It is widely recognised that many patients do not take prescribed medicines as advised.
Research in this field has commonly focused on the role of the patient in non-adherence;
however, healthcare professionals can also have a major influence on patient behaviour
in taking medicines. This study examines the perceptions, beliefs and behaviours of
healthcare professionals—doctors, pharmacists and nurses—about patient
Methods and analysis
This paper describes the study protocol and online questionnaire used in a
cross-sectional survey of healthcare professionals in Europe. The participating
countries include Austria, Belgium, France, Greece, The Netherlands, Germany, Poland,
Portugal, Switzerland, Hungary, Italy and England. The study population comprises
primary care and community-based doctors, pharmacists and nurses involved in the care of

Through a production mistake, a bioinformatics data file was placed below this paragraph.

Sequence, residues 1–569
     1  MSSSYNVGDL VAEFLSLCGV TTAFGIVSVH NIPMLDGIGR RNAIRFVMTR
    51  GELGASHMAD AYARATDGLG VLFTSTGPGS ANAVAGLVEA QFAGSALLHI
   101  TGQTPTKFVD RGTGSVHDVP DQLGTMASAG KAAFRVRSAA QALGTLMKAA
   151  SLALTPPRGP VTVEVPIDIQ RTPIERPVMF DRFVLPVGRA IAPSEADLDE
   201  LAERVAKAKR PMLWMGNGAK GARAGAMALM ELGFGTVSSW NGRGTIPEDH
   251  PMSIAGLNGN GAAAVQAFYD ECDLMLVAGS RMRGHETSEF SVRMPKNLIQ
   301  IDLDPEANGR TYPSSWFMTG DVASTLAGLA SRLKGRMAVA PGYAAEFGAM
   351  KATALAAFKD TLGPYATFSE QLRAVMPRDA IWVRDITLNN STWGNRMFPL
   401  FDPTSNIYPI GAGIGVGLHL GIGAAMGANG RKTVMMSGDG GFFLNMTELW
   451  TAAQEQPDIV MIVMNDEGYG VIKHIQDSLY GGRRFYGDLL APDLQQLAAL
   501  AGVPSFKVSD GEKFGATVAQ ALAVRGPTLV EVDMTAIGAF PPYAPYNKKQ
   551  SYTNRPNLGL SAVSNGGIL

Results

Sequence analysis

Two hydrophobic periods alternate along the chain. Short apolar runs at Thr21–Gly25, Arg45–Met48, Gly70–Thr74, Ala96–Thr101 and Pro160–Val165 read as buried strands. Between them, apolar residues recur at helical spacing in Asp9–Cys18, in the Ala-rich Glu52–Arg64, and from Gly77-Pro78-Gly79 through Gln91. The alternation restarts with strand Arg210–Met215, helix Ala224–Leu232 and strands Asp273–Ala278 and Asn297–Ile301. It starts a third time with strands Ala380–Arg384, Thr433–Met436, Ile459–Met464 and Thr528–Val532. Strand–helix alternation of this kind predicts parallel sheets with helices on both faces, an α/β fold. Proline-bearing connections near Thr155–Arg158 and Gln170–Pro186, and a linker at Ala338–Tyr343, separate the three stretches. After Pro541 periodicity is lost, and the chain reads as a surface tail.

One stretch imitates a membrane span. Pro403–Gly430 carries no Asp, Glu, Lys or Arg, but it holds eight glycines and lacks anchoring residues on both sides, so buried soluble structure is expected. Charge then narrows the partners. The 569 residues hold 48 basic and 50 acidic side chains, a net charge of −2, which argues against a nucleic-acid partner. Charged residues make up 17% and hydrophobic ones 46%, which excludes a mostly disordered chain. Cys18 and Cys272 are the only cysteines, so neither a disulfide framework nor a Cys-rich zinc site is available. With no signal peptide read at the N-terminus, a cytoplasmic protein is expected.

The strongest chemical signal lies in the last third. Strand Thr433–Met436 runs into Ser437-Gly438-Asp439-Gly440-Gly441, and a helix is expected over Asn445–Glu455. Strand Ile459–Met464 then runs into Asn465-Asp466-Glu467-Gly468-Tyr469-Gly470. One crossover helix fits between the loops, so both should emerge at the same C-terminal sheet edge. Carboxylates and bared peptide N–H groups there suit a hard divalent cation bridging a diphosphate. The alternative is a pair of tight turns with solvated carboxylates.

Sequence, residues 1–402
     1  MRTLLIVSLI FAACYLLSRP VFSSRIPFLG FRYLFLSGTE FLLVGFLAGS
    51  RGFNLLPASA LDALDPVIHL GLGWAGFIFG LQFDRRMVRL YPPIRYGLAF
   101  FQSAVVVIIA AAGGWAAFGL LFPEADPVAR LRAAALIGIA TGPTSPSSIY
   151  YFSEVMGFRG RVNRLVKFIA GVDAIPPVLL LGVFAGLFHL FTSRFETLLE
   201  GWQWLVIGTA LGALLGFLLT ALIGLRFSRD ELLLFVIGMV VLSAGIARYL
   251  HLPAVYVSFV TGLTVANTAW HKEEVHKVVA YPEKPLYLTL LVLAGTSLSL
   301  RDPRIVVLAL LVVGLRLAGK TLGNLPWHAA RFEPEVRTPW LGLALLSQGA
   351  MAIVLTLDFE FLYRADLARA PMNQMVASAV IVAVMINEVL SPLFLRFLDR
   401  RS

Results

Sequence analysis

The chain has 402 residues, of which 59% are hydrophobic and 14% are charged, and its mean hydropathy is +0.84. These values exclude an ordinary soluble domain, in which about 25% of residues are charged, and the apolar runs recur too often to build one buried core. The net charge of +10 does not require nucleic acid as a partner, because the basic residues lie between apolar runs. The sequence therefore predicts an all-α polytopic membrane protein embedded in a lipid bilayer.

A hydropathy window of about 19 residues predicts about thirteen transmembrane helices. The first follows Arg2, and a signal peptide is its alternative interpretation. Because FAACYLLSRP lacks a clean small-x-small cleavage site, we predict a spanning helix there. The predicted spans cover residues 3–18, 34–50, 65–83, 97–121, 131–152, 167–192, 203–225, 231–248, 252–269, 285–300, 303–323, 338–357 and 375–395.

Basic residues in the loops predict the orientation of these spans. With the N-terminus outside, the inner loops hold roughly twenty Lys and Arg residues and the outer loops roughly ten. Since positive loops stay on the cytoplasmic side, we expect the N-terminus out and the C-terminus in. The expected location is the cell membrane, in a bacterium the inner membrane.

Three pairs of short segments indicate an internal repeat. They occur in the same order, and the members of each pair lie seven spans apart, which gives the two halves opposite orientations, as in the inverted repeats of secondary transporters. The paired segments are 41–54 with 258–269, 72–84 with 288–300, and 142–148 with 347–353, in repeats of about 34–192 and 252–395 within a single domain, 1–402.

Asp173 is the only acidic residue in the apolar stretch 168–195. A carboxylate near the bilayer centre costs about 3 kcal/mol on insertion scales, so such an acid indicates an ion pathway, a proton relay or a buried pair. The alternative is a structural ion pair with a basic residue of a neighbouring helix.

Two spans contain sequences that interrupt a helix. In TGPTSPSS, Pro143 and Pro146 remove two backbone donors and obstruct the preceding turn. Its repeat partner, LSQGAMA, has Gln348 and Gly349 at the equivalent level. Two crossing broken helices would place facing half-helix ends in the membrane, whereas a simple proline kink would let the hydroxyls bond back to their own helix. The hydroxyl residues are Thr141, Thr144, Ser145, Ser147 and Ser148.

adult patients taking prescribed medicines for chronic and acute illnesses.
Knowledge of the nature, extent and variability of the practices of healthcare
professionals to support medication adherence could inform future service design,
healthcare professional education, policy and research.
A protocol for a cross-sectional survey of healthcare professionals in Europe to
examine the perceptions, beliefs and behaviours of healthcare
professionals—doctors, pharmacists and nurses—about patient medication
The questionnaire used in the survey of healthcare professionals is described in
There is an acute need for evidence regarding healthcare professionals'
beliefs, perceptions and behaviour with regard to patient non-adherence to
This protocol describes a study to address this need.
The results of this study could guide healthcare professionals as they support
patients with taking medicine in their day-to-day clinical practice.
Strengths and limitations of this study
The survey is the largest cross-national survey of healthcare professionals'
approach to medication adherence.
Reliance on self-report data may raise concerns regarding the validity of the